12 Images

Phoenix, home of Super Bowl XLII

Workers prepare the framework for a canvas tent that will house a kids’ area next to the University of Phoenix Stadium, where Super Bowl XLII will be held Feb. 3. (Stephen Osman / Los Angeles Times)
Dobbins Lookout, the summit at South Mountain Park/Preserve, offers a sweeping view of Phoenix. (Stephen Osman / Los Angeles Times)
From the park entrance, it’s a rocky, cactus-lined 2.5-mile hike to the lookout. Along the route are Hohokam pictographs etched into massive flat, black rocks. (Stephen Osman / Los Angeles Times)
A family takes in the view from Dobbins Lookout. (Stephen Osman / Los Angeles Times)
There’s an interesting story behind Phoenix’s Mystery Castle. When the current owner, Mary Lou Gulley, 80, was a girl, her father promised to build her a castle. And he began that effort in the desert, using rocks and salvaged tiles and steel. Today, the structure has 18 rooms and 13 fireplaces, and Gulley has opened it up for tours. (Stephen Osman / Los Angeles Times)
Mystery Castle visitors examine a display of shoes. The castle includes a children’s playroom, a bar, a chapel and a cool, dark room in between the latter two known as “purgatory.” (Stephen Osman / Los Angeles Times)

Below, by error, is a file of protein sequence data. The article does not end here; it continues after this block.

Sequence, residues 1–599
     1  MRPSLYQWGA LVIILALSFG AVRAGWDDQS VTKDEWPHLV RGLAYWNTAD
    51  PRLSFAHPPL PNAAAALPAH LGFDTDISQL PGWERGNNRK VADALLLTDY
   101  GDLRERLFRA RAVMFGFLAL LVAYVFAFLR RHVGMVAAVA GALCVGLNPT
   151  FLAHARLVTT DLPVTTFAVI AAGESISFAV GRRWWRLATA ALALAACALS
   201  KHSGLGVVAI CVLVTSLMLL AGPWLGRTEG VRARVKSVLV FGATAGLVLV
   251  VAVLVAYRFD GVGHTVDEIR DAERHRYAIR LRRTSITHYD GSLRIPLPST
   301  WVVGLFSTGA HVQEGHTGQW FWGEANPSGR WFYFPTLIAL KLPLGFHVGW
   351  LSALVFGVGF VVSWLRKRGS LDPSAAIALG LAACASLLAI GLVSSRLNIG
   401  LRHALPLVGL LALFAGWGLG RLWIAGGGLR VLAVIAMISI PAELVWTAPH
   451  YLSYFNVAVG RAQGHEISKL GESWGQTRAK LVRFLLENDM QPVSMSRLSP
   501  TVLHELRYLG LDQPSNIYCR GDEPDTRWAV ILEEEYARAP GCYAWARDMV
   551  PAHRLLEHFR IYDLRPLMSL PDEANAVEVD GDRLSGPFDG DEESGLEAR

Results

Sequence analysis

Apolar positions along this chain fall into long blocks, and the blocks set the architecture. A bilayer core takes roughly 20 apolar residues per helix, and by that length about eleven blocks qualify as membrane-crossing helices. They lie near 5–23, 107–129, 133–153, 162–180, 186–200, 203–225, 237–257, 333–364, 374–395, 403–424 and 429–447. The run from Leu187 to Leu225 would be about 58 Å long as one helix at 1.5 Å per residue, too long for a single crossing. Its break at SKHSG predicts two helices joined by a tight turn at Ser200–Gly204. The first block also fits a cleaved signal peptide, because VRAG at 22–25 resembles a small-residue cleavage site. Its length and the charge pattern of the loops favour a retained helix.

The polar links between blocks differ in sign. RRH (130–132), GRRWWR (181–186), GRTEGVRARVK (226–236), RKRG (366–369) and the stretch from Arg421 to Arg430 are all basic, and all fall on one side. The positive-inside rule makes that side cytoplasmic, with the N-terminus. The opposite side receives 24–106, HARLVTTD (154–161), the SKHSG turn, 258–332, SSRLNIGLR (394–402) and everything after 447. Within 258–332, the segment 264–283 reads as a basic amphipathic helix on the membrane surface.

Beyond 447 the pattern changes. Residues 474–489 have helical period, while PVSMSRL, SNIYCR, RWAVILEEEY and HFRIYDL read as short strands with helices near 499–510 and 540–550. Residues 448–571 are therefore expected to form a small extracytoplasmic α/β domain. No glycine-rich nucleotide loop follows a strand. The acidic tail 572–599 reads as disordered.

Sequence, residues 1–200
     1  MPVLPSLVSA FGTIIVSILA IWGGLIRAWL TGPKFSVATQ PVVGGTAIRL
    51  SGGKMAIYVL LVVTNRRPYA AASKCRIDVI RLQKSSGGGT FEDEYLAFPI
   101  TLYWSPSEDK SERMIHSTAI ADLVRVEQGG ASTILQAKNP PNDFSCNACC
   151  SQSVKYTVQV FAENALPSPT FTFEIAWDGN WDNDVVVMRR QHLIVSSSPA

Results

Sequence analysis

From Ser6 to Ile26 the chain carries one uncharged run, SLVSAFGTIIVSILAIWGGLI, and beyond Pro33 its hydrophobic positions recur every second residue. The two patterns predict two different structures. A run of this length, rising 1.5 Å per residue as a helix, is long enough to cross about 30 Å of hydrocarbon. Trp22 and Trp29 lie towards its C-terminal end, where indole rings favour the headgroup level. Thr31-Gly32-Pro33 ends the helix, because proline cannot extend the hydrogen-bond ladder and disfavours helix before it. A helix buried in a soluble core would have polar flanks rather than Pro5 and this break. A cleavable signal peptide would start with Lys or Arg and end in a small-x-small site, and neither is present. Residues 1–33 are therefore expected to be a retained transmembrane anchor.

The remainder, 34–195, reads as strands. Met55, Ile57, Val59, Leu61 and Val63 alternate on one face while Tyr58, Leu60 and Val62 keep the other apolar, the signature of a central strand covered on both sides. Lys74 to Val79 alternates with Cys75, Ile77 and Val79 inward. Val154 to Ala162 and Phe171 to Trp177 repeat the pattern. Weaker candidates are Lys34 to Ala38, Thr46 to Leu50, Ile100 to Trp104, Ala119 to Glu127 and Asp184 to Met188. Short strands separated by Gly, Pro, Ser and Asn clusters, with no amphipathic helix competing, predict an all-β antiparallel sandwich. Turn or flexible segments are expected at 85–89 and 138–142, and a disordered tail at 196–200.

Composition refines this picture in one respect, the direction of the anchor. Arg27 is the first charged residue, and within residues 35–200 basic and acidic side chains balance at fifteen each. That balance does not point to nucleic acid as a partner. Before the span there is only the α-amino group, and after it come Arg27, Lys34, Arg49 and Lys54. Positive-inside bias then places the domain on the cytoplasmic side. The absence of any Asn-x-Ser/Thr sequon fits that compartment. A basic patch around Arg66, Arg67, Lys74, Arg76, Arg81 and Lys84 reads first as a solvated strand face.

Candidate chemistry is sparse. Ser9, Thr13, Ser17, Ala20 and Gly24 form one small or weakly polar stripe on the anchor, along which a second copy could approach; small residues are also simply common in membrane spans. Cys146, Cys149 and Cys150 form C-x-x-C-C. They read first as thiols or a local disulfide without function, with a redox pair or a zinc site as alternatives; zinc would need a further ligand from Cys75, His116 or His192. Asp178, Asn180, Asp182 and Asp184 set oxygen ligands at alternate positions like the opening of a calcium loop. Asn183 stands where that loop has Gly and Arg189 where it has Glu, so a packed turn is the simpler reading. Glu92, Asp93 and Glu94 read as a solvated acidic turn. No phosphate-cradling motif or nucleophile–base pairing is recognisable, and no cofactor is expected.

In Tempe, Mill Avenue is hopping after the sun sets. (Stephen Osman / Los Angeles Times)
Patrons at the Big Bang nightclub, where dueling pianists perform, enjoy the show. (Stephen Osman / Los Angeles Times)
At Alice Cooperstown, on Jackson Street in Phoenix, Janelle Weisenberger serves mini-burgers to hungry Arizona State University students. The happening spot is operated by rocker Alice Cooper. (Stephen Osman / Los Angeles Times)
Diners begin the day with a full stomach after a visit to Matt’s Big Breakfast, on 1st Street in Phoenix. The minuscule establishment serves memorable omelets, writes a Times reporter. (Stephen Osman / Los Angeles Times)
Taliesin West in Scottsdale, Ariz., was the winter home and architectural campus of architect Frank Lloyd Wright. The buildings reveal his fondness for acute angles, low, slanting roofs and an abundant use of natural material. (Stephen Osman / Los Angeles Times)
Guide Kathy Deering holds up a portrait of Wright during a tour of the compound, which includes peeks at Wright’s office, bedroom, living room, movie theater and a subterranean cabaret theater. (Stephen Osman / Los Angeles Times)